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Mikal C. Watts
Mikal C. Watts
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Pradaxa: Contraindicated for Mechanical Heart Valves

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Last Wednesday, the FDA issued yet another safety alert regarding Pradaxa. This one warned healthcare providers that patients with mechanical heart valves should not take the blood thinner. According to Forbes writer Larry Husten, Pradaxa maker Boehringer Ingelheim will soon notify doctors via a Direct Healthcare Professional Communication (DHPC), in case they missed the FDA announcement.

Since being approved to treat atrial fibrillation in October 2010, Pradaxa has been linked to nearly 4,000 adverse side effects in this country, per the Institute for Safe Medication Practices’ May 2012 Quarterwatch report. Those side effects include 2,367 hemorrhages, 291 cases of acute renal failure, 644 strokes, 15 cases of liver failure, and 542 deaths.

Now, Boehringer has stopped the second phase of its RE-ALIGN clinical trial, which tested Pradaxa in patients with mechanical heart valves, according to medpagetoday.com, “because Pradaxa users were more likely to experience strokes, heart attacks, and blood clots forming on the mechanical heart valves than were users of the anticoagulant warfarin,” the FDA stated in a podcast. “There was also more bleeding after valve surgery in the Pradaxa users than in warfarin users.”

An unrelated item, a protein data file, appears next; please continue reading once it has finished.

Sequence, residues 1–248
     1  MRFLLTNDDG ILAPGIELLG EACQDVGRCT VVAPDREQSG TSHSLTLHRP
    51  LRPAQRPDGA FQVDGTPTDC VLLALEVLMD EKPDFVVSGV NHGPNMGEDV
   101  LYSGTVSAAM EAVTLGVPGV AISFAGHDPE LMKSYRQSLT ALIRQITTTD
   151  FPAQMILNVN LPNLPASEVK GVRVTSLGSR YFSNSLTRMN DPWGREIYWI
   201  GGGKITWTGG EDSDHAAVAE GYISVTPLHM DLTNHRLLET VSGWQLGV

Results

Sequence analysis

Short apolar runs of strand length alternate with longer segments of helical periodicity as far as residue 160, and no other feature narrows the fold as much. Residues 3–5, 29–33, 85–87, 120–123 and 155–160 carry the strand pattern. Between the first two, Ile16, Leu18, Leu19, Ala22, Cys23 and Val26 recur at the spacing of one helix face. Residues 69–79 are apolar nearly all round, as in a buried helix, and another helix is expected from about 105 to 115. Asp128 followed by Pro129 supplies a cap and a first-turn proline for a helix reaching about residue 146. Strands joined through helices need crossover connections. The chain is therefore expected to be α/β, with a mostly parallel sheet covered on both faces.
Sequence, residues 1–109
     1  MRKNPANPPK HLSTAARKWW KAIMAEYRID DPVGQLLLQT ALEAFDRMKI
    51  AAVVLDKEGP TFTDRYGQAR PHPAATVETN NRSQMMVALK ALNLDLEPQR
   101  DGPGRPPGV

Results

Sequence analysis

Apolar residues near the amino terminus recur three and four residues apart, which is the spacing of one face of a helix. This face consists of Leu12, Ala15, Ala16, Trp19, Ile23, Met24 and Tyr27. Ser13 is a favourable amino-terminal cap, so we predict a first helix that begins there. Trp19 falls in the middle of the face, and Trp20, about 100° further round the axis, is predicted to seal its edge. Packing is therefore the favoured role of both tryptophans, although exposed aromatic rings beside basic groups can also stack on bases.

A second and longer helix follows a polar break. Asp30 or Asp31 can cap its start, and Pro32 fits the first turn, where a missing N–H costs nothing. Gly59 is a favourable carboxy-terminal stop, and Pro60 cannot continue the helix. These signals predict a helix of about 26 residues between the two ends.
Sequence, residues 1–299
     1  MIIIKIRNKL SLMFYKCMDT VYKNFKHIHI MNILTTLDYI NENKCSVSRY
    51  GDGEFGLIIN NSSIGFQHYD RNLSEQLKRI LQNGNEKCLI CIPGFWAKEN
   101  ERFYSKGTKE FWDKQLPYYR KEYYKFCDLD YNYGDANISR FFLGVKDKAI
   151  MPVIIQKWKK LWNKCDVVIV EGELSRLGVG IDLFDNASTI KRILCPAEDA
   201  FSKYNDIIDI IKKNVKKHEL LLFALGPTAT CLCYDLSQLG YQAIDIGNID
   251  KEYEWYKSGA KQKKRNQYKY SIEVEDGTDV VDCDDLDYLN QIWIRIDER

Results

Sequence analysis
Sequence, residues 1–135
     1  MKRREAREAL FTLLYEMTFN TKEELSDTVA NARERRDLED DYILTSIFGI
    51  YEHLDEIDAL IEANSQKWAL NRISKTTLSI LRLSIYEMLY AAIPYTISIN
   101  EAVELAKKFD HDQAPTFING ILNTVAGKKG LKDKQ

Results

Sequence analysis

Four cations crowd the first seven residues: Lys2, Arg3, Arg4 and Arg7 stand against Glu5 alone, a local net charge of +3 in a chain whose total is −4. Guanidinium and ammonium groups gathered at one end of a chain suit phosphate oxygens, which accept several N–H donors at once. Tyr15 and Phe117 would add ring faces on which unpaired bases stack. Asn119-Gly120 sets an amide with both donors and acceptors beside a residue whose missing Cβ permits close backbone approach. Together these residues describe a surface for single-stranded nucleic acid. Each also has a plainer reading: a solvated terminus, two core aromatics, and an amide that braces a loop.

The FDA advised healthcare providers to switch patients with mechanical heart valves to another blood thinner. It also stated that Pradaxa users with any type of prosthetic heart valve should speak with their doctor as soon as possible; however, they should not stop taking the drug on their own, since that could increase their risk of developing a blood clot and/or suffering a stroke.

In light of the RE-ALIGN trial, Australia is now reconsidering whether to subsidize Pradaxa. According to a study titled “A cost-effectiveness approach to drug subsidy and pricing in Australia,” the government pays part of the cost for a list of medications. For a drug to be included on this list, its manufacturer has to show that it “is both clinically effective and cost-effective.”

The Australian Health Ministry stated, “In light of the latest clinical information … the net benefit of new oral anti-coagulants in clinical practice and the subsequent impact on cost-effectiveness is uncertain at this stage and the Pharmaceutical Benefits Advisory committee should review its March 2011 advice to list (Pradaxa) on the Pharmaceutical Benefits Schedule.”

If you or someone you know has been harmed by Pradaxa side effects, you should contact an experienced pharmaceutical defect lawyer today.